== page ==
Germany and Its Auto Industry Have Devised a New Plan to Sell More Electric Cars

April 27, 2016, 10:27 AM UTC
Photograph by Julian Stratenschulte—AFP/Getty Images

In 2009, Germany gave itself a goal: To have one million electric vehicles on its streets by 2020.

But at present count that objective is still a pipe dream; the nation’s current electric vehicle fleet is only 50,000 strong.

So the nation and its auto industry on Wednesday released a plan to jump start electric car sales. Finance Minister Wolfgang Schaeuble introduced an incentive of 4,000 euros or $4,518 for electric car buyers, and 3,000 euros for those purchasing a plug-in hybrid vehicle, Reuters reported on Wednesday. He said also said that government was considering additional steps such as tax incentives to make electric cars even more attractive.


The plan will cost about €1 billion ($1.13 billion), and that sum will be shared equally between the government and private companies, which lobbied heavily for the subsidy. The incentives will be distributed on a first-come, first-served basis and will start in May. The plan does not cover purchases of luxury cars that cost €60,000 or more.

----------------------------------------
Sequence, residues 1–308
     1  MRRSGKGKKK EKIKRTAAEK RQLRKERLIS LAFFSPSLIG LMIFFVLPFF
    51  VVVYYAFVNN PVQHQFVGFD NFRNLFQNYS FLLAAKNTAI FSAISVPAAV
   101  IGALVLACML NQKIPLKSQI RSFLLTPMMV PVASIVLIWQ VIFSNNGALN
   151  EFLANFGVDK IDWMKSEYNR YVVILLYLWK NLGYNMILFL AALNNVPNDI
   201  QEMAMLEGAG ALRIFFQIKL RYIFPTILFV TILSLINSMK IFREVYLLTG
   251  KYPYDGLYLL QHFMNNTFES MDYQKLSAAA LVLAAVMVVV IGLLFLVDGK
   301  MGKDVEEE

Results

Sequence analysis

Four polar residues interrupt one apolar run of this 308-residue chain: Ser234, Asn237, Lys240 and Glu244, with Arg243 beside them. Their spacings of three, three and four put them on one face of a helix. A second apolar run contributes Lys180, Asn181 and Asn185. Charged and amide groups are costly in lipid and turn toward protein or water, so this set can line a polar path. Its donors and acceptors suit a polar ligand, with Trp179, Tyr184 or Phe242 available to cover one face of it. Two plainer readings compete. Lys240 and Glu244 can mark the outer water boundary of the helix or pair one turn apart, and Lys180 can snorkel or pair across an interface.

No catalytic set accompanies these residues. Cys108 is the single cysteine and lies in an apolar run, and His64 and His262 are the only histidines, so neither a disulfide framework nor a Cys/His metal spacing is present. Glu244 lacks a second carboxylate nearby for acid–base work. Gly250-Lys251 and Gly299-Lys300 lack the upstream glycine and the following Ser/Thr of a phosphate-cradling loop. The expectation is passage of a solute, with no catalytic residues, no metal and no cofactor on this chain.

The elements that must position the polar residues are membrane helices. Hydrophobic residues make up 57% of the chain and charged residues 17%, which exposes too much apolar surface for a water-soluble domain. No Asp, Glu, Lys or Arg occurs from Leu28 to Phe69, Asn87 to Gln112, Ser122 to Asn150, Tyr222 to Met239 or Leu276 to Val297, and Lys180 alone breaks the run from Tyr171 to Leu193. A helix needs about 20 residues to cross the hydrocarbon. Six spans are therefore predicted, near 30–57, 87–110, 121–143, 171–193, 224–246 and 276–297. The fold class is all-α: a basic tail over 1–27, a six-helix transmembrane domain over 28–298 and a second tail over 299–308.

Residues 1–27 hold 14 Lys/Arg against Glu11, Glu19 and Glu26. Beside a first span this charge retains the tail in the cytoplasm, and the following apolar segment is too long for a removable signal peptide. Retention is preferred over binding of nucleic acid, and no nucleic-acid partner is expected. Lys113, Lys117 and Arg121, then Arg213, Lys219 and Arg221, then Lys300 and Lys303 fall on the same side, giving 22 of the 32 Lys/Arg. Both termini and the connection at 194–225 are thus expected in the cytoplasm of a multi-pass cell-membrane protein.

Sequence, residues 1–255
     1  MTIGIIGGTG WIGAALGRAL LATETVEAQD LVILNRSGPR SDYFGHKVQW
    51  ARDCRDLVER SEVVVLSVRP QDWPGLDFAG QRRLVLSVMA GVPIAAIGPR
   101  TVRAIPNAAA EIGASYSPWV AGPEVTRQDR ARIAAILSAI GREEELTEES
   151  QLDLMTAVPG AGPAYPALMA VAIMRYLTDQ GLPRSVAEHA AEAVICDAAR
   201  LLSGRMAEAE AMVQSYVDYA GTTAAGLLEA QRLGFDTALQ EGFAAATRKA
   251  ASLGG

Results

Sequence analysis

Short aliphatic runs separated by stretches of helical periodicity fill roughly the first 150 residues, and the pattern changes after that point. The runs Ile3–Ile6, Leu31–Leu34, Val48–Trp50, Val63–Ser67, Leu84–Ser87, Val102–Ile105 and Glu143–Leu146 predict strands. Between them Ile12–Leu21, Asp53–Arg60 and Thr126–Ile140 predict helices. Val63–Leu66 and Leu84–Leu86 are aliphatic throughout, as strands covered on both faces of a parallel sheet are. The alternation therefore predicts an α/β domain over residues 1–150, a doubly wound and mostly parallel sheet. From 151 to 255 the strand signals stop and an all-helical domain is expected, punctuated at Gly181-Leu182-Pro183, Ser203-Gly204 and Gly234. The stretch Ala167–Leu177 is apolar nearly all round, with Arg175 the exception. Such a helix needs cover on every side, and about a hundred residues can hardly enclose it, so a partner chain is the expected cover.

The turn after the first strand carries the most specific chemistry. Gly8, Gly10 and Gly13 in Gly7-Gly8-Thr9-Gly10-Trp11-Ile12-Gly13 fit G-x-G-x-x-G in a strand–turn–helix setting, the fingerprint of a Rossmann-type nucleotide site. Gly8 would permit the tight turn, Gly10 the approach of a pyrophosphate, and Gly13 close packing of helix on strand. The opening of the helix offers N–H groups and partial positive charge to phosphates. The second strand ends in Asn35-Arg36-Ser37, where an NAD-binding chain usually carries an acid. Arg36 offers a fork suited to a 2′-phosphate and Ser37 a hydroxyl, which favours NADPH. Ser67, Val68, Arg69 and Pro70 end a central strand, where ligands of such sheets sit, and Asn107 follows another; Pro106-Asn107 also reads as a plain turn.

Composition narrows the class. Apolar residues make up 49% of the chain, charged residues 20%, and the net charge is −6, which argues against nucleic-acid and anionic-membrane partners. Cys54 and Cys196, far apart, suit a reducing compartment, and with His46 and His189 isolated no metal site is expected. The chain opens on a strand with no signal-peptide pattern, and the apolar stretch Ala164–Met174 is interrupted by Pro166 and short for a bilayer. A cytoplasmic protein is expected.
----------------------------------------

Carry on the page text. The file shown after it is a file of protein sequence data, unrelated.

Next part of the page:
The German government will also invest €300 million in charging station infrastructure to foster longer range for the expected influx of electric vehicles to its roads.

Taxpayer incentives in Norway helped spark purchases of electric vehicles that now make up 17% of the nation’s new car sales—up from barely anything a few years prior, according to Bloomberg. But the package offered to electric car buyers there was much richer than the one being dangled in front of Germans. It exempted electric cars from Norway’s value added and purchase taxes, which can add 50% to the cost of a vehicle, and it gave e-car drivers free parking, free charging, and free use of bus lanes. The incentives there were so good and became so popular that the government actually rolled them back last year.

Germany’s less generous incentive will likely not prompt such a large boost in electric car sales, but it could certainly help. The question now is whether Germany’s auto industry—which is behind on the electric trend and has been upended by Volkswagen’s emissions scandalcan build an e-vehicle that the nation’s drivers actually want to buy, or whether the incentive will end up lining the pockets of foreign companies like Tesla and the Renault-Nissan Alliance.

Reuters contributed to this report.